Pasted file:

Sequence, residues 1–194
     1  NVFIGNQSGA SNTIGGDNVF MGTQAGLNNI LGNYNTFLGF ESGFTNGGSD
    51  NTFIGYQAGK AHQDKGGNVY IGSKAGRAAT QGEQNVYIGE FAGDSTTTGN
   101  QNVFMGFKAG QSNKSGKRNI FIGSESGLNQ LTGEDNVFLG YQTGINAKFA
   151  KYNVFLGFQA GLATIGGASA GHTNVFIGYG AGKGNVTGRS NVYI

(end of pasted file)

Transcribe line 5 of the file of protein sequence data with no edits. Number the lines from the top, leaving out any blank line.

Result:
   151  KYNVFLGFQA GLATIGGASA GHTNVFIGYG AGKGNVTGRS NVYI